After two 8-8 records, are Texans due?
Posted by ESPN.com's Paul Kuharsky
HOUSTON -- As I scribbled out lists of ideas, questions and people I hoped to talk to during my time here for joint practice between the Texans and Saints, I found myself pondering perhaps the biggest theme attached to this team:
That after consecutive 8-8 seasons the Texans are on the cusp of something big.
I'm quite familiar with the story of the Houston Oilers/Tennessee Oilers of 1996-98 who posted three consecutive 8-8 records. Reinvented in 1999 as the Tennessee Titans, they got the pass rush spark they were missing from rookie Jevon Kearse, went 13-3, earned a wild-card berth and went on to represent the AFC in Super Bowl XXXIV.
I wondered, what's become of other teams that went 8-8 at least twice in a row?
Flipping through the NFL Record & Fact Book, I went all the way back to 1978, when the 16-game schedule was born. Only six teams have set the table for a season the way the Texans have.
We've talked a lot about the reasons to feel like the Texans are more likely to follow the course of the Titans, Seahawks Raiders or Bengals than the Jets, Packers, Redskins or Saints:
- They've got a quarterback in Matt Schaub who can get in a great rhythm when healthy and make for a vertical offense throwing to a premier receiver (Andre Johnson) with a good batch of secondary pass targets starting with Kevin Walter and Owen Daniels.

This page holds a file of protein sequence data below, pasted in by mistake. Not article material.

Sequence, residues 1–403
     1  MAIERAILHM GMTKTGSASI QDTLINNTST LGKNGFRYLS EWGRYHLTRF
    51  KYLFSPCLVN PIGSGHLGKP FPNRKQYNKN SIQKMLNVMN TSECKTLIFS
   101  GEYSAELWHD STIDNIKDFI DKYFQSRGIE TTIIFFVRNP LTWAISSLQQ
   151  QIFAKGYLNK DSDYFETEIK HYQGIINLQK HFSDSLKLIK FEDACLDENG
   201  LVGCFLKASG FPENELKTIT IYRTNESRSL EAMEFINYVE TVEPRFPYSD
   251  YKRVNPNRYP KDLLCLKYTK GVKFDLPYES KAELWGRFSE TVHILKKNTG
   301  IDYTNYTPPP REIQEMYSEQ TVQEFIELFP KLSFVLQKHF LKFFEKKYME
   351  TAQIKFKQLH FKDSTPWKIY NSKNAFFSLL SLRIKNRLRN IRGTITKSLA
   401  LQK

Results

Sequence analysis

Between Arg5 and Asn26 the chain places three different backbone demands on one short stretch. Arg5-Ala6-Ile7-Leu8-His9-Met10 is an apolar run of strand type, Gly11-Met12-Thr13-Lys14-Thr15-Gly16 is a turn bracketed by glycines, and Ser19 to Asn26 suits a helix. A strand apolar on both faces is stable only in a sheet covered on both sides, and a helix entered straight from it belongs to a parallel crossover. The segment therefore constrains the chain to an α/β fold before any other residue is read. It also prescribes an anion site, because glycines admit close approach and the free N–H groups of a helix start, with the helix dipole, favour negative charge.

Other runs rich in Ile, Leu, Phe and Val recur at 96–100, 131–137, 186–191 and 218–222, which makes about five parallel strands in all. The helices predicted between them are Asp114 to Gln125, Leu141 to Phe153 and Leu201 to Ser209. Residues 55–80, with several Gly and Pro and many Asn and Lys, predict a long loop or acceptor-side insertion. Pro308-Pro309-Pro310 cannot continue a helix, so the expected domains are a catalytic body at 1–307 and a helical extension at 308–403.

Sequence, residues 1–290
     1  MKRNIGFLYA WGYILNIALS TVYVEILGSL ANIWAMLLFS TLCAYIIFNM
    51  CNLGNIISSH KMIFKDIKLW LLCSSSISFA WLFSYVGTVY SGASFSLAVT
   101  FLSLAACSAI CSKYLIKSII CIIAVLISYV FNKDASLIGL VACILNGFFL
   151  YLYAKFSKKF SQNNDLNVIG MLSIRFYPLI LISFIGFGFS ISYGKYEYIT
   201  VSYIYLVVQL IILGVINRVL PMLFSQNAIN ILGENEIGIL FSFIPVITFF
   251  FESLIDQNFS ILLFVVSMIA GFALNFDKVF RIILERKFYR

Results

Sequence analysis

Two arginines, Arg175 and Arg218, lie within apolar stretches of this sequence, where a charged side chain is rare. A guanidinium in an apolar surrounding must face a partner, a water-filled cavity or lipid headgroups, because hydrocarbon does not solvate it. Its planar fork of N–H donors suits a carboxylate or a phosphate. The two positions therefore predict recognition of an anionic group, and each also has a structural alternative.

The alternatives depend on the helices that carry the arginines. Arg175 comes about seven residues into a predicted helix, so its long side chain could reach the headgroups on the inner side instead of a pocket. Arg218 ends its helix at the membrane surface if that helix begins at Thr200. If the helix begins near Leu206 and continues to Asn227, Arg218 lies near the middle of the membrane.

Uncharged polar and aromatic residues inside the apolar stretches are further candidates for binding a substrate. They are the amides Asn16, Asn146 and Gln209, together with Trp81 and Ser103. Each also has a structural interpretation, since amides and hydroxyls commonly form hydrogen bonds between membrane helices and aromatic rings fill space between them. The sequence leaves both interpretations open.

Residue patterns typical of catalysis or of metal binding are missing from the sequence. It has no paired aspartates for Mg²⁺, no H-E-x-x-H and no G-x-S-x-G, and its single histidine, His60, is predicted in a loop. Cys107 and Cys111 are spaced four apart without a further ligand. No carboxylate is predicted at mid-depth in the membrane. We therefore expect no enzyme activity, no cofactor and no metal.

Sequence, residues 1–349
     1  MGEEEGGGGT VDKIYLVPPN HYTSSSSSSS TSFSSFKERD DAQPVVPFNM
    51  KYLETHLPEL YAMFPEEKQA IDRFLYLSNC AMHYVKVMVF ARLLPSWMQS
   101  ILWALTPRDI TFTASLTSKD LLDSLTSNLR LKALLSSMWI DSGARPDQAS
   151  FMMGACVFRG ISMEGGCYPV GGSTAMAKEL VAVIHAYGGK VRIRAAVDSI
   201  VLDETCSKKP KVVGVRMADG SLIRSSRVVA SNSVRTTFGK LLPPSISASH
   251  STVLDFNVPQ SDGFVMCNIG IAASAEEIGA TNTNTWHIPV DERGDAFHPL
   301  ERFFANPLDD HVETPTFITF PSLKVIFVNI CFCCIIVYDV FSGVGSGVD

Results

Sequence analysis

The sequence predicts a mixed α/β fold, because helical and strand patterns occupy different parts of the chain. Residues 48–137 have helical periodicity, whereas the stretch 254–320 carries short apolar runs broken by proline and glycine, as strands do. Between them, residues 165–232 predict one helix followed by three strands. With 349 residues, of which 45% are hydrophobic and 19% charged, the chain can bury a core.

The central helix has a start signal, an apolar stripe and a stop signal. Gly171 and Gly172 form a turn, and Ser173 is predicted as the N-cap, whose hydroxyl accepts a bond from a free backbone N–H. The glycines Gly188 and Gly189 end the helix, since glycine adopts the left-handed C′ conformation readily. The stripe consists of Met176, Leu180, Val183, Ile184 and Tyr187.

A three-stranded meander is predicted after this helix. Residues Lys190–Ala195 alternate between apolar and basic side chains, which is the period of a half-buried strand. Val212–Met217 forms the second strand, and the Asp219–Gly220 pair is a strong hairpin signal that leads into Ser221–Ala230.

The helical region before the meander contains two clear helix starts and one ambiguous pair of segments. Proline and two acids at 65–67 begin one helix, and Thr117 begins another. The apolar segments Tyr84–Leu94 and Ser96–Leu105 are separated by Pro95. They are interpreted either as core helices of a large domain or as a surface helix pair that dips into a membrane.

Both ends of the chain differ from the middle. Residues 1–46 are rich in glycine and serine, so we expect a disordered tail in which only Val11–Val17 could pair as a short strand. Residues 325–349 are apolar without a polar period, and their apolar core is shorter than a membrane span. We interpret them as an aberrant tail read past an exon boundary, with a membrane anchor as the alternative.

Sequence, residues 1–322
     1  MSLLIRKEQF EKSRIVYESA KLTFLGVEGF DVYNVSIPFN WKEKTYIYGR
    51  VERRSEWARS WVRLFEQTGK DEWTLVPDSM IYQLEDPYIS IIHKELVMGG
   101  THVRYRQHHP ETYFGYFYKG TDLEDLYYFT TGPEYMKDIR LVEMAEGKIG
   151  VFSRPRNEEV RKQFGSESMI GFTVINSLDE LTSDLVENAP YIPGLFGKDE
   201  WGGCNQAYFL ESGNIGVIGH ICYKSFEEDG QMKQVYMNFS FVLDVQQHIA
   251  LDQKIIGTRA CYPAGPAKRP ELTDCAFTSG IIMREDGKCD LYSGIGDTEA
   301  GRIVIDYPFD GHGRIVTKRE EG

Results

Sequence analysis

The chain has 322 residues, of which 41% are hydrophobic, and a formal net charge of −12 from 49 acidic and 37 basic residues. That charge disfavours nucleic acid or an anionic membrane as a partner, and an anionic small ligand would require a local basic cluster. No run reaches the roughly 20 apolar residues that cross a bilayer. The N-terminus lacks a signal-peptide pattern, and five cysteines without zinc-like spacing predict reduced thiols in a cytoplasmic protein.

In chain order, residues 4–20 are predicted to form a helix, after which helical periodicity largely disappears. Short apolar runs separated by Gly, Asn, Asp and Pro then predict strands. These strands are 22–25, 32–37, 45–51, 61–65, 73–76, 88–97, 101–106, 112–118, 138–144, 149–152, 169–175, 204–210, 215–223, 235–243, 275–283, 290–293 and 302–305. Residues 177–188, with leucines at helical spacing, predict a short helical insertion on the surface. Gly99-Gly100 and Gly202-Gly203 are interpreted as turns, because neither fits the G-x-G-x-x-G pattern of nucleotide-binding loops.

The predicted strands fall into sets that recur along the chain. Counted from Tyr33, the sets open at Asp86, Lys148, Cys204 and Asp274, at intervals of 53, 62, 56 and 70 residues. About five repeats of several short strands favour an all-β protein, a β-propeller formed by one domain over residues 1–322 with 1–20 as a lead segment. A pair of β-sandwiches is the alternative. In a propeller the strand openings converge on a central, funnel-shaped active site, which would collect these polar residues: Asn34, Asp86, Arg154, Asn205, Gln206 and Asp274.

- They've got a second-year running back in Steve Slaton who broke into the league with a giant year -- 1,282 rushing yards, a 4.8-yard average, nine touchdowns and 50 receptions.
- They've got the potential to rush the passer better as they've brought in three players to help defensive end Mario Williams and the defensive front -- free agent lineman Antonio Smith and the two top draft picks, strongside linebacker Brian Cushing and defensive end Connor Barwin.
ay it often, because it's true: The single biggest factor in the NFL's incredible popularity is its unpredictability. Seven of 2008's 12 playoff teams were not in the postseason in 2007. Teams come out of nowhere to have big seasons every year.
So now we try to do good guesswork and predict who they will be.
Houston's a popular choice for many, and anything less than a playoff berth will be judged a failure.
"There is really no way to sugarcoat this year," right tackle Eric Winston said. "It's time. If we go 11-5 like the Patriots last year and don't get in, then that's just kind of bad luck. Ten and six and don't get in? But it's one of those things where we need double digit wins this season, there is no way around it. We need to be playing in some really important games down the stretch."
We've seen eight teams since 1978 go .500 in consecutive seasons or over three seasons. Four went to the playoffs the next year. Four didn't, with three of them falling back with a major thud.
The 2009 Texans get to be tiebreakers.
Or they can go 8-8 and I can redo this post in August of 2010.